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To the Editors of the CRIMSON:
I cannot forego commenting on the article about the Radcliffe Institute in yesterday's CRIMSON.
We are now used to hearing about the influence of levels of expectation on the performance of members of minority groups in our society. The problem there appears usually to begin in the early school grades or even per-school. This is not so for the female majority. Nowadays, girls ensounter little or no discrimination in levels of expectation regarding their academic performance right up through college and even graduate or professional school. Expectation and performance decline only at the point at which women enter the world of jobs and/or professions. There they are not expected to do as well as men and are often lauded for relatively modest levels of performance.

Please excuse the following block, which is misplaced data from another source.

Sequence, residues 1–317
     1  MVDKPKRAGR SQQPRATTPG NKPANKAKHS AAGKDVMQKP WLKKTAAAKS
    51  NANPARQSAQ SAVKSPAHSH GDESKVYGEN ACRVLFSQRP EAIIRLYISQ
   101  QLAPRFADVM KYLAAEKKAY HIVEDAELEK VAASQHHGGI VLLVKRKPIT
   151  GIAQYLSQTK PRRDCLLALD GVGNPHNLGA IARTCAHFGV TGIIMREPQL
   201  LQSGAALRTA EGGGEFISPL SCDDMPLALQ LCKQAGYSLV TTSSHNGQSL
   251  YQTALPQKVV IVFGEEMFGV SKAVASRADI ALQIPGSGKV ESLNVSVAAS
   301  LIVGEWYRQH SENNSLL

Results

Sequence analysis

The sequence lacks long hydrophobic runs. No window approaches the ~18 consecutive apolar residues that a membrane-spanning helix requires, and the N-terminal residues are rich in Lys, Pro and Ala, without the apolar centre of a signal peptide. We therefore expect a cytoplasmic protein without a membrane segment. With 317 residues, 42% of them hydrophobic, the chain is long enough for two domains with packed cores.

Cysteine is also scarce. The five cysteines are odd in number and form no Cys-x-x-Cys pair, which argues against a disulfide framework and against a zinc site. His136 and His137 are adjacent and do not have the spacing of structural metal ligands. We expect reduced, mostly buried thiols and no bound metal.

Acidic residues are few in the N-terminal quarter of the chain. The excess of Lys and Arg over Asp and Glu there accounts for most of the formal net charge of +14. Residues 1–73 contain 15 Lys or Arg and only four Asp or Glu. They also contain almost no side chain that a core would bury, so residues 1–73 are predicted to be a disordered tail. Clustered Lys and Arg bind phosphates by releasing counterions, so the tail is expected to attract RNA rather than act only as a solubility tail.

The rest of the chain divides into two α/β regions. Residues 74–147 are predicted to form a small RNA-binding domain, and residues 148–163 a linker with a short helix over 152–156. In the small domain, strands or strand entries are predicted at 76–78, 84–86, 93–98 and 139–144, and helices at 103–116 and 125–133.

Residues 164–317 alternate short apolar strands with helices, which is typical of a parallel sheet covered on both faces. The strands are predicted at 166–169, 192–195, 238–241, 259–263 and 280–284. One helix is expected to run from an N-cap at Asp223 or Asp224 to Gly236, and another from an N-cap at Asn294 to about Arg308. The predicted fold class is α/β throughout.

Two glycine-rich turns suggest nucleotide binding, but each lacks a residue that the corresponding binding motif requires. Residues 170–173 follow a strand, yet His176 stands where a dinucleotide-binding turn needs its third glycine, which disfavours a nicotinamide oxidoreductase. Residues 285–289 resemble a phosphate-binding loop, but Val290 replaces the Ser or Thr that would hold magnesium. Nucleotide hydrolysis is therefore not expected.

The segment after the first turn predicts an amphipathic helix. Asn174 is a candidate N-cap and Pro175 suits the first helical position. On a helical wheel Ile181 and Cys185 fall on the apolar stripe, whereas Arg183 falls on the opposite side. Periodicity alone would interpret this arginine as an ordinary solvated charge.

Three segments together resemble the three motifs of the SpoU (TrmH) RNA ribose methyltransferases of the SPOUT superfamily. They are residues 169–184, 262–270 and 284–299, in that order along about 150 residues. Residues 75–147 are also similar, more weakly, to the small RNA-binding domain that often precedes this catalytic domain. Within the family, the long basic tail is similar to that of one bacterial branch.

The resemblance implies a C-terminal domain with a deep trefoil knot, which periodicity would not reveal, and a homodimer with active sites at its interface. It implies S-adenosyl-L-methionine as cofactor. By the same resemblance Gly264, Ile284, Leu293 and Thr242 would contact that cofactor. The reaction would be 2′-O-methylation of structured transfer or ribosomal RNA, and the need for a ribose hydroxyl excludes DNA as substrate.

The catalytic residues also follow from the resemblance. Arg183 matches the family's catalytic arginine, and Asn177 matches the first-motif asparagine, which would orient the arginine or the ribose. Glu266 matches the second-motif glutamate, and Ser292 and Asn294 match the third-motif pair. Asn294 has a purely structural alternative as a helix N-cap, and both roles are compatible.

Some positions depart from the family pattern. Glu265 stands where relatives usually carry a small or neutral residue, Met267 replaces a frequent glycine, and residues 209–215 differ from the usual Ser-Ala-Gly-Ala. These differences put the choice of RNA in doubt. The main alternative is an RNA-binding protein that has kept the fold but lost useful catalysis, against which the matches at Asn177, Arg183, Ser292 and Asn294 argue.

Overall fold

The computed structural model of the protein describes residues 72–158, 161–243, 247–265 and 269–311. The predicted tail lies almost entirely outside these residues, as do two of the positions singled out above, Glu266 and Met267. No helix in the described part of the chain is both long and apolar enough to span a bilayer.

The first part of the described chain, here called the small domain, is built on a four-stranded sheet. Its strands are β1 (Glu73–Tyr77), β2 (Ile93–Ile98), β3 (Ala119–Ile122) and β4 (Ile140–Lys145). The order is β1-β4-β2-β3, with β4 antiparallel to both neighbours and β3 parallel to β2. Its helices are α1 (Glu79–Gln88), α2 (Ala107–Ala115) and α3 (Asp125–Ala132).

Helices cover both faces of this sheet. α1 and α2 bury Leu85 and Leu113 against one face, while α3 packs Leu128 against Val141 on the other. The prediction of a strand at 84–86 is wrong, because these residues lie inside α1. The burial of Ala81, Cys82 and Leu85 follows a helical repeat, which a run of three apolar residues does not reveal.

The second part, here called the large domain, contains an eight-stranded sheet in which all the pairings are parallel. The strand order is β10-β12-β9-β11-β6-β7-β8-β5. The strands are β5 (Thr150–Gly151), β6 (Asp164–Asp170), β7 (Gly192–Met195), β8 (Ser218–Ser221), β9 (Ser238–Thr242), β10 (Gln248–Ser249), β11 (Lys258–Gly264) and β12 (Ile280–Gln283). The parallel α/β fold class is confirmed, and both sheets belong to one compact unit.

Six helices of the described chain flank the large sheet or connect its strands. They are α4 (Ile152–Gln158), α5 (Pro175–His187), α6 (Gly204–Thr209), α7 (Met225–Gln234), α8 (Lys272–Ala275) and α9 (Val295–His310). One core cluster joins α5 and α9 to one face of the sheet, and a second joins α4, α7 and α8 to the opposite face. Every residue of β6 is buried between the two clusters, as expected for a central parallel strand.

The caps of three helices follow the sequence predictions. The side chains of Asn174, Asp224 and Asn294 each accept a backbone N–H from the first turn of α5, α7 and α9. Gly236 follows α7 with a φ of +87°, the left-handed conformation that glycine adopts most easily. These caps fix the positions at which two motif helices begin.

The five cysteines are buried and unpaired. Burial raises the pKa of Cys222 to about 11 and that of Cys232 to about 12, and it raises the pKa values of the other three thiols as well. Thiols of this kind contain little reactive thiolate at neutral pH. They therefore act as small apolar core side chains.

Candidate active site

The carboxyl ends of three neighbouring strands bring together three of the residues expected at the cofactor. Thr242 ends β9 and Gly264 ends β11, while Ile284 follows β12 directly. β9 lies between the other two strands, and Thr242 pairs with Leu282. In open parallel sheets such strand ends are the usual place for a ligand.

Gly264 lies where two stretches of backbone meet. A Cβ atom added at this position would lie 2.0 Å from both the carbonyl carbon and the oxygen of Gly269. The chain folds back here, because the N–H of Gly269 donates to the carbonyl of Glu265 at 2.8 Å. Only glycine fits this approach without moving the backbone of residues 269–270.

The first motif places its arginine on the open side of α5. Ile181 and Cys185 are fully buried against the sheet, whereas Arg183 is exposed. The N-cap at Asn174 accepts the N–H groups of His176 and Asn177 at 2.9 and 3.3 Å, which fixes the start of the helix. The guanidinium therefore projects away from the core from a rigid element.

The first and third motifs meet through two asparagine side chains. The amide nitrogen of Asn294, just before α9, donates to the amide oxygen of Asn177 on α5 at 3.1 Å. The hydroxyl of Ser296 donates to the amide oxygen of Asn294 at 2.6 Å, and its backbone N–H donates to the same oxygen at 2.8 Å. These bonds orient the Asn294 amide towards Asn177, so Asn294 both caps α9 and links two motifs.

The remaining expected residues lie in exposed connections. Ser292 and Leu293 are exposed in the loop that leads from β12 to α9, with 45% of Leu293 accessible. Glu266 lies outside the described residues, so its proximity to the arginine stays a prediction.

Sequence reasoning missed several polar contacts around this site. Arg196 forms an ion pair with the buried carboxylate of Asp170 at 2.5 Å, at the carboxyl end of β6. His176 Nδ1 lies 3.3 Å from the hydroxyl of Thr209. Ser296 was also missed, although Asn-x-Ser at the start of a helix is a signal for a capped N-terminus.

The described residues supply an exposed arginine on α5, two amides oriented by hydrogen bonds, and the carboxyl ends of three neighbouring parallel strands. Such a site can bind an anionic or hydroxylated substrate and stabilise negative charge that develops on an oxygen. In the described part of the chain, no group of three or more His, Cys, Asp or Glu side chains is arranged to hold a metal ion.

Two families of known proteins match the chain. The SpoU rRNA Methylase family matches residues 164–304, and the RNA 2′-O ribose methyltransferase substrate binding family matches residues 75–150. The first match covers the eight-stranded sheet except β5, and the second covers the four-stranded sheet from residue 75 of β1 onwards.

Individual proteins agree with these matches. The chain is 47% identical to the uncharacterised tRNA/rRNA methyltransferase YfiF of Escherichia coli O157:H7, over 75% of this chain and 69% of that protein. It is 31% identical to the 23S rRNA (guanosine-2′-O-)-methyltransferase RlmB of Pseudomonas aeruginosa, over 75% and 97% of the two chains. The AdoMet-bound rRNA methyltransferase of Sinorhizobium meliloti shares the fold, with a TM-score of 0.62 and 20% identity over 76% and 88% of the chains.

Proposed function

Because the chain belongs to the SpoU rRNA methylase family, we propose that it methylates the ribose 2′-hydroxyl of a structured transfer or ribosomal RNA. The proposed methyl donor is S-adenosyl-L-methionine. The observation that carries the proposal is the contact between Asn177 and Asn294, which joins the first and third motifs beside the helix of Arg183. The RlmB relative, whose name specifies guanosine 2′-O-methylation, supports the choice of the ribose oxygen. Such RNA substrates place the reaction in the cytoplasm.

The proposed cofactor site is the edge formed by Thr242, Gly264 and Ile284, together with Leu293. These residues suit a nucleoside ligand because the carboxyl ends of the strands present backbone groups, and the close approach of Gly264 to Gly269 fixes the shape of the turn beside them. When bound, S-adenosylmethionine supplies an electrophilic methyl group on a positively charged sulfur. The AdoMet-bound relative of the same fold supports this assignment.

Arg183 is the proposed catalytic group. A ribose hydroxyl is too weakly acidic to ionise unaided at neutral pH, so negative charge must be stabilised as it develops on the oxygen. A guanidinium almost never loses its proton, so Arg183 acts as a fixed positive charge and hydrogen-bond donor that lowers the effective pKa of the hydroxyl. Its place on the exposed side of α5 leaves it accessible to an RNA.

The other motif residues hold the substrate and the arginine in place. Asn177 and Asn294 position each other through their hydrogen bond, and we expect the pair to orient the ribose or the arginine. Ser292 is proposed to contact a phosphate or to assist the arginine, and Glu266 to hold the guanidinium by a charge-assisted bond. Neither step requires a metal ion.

The temptation is therefore considerable for women to work less hard than men of similar age and ability, and to accept graciously the admiration offered for trying. This forces the Radcliffe Institute and women in general to operate with a level of self-criticism not ordinarily required of men. Ruth Hubbard (Mrs. George Wald) Research Associate and Lecturer in Biology
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